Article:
• Felonies (e.g., attempted murder, rape, burglary, theft, robbery, perjury, fraud, sale of illicit drugs)
  • Adultery, fornication, or homosexual conduct

Question: What behavior may require a disciplinary council?

Any of these may prompt a disciplinary council.
  • A serious transgression other than those which require a disciplinary council
  • Abortion while a member of the Church (this includes paying for, submitting to, encouraging, or performing abortions)[5]
  • Transsexual operation

Question: What acts are not to be treated in a disciplinary council?

Leaders are instructed not to hold disciplinary councils for the following:
  • Civil disputes
  • Failure to live the Word of Wisdom
  • Masturbation
  • Pornography use
  • Failure to pay tithing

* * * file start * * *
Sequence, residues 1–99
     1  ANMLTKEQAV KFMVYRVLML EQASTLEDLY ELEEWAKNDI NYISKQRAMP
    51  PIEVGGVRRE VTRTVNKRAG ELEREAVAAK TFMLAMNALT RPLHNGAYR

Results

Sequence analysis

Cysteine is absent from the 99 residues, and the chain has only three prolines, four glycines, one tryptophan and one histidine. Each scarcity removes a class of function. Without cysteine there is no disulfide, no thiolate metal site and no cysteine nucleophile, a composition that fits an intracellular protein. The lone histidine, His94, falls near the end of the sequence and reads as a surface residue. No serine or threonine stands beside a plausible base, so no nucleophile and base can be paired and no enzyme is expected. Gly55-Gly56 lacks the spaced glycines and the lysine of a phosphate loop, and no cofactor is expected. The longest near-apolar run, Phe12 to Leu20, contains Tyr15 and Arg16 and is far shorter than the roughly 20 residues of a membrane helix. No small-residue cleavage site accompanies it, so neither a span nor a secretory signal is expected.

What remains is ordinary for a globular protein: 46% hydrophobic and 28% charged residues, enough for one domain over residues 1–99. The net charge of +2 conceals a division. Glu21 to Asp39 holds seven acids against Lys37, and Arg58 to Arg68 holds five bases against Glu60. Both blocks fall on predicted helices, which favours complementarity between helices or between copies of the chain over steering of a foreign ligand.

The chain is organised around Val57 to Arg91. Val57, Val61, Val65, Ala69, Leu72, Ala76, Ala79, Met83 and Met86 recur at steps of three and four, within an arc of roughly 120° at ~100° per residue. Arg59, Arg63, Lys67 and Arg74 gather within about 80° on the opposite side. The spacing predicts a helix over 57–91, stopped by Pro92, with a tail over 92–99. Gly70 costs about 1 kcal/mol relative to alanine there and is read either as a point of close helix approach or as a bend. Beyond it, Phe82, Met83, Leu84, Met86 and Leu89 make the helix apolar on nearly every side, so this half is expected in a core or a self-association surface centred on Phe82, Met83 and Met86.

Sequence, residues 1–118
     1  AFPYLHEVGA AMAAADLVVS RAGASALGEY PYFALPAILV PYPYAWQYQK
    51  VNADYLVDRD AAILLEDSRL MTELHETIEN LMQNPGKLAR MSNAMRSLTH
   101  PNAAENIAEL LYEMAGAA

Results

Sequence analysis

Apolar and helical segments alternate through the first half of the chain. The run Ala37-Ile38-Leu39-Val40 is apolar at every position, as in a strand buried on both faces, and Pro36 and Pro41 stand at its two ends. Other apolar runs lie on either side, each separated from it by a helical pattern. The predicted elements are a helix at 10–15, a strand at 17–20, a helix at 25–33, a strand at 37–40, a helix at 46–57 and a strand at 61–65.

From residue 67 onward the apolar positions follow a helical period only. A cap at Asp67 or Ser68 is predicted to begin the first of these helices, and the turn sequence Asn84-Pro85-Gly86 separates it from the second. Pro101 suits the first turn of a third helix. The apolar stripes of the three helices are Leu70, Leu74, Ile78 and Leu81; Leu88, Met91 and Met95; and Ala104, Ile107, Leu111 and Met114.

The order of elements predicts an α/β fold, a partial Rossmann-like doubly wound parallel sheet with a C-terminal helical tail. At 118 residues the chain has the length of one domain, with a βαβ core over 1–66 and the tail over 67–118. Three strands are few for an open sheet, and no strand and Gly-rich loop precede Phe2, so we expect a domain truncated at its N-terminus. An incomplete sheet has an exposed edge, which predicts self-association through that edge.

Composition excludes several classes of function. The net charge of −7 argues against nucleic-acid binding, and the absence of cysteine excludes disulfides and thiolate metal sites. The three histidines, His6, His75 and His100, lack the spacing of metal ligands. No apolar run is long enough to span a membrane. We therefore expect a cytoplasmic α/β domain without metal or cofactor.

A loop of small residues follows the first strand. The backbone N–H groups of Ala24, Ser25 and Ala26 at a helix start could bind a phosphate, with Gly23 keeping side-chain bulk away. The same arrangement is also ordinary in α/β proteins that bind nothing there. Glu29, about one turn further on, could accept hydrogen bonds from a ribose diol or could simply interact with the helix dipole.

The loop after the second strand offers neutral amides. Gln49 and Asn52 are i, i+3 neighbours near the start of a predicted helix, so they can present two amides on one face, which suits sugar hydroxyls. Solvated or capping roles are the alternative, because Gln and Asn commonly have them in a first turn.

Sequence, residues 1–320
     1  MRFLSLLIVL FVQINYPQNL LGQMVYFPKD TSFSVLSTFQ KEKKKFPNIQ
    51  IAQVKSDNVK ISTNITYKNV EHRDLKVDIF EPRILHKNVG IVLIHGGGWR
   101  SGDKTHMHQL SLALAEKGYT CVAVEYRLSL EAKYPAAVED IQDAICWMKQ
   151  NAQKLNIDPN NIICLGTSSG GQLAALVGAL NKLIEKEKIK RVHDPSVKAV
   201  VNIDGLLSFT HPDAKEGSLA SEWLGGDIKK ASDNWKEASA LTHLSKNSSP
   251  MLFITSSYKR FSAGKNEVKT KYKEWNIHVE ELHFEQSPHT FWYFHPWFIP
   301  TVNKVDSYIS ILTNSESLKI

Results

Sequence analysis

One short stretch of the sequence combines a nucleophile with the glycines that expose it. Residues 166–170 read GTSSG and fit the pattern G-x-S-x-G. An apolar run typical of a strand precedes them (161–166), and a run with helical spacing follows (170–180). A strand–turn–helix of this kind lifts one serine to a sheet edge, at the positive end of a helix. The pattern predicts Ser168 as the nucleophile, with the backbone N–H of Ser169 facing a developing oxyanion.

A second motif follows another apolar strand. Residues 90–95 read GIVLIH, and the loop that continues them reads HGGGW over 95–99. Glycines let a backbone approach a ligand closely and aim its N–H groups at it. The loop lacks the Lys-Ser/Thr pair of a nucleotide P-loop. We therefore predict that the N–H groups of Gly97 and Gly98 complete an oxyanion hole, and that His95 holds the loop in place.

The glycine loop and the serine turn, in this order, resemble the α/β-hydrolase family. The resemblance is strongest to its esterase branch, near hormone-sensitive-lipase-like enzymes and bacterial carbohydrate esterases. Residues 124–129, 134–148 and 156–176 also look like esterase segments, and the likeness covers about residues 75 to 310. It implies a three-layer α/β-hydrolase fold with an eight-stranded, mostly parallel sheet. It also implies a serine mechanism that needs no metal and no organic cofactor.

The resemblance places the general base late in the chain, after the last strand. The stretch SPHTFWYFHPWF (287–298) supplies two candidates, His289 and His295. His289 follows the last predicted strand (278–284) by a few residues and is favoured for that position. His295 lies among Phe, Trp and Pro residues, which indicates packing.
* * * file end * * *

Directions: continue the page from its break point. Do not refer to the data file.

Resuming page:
• Failure to attend Church
  • Failure to fulfill Church callings.
  • Business failures or non-payment of debt (though felonious business practices might prompt a council as described above)


Quotes

, "Why would someone be disciplined by the Church?"

Church Newsroom
Church disciplinary councils are not legal proceedings and are not held to legally try civil or criminal cases, nor are they meant to address things such as failure to attend church regularly, to obey the Church’s code of health or to fulfill Church responsibilities or to settle disputes among members. Disciplinary councils are not used for members who want their names removed from Church records or who have joined another church. Those issues are handled through a simple administrative process.

Click here to view the complete article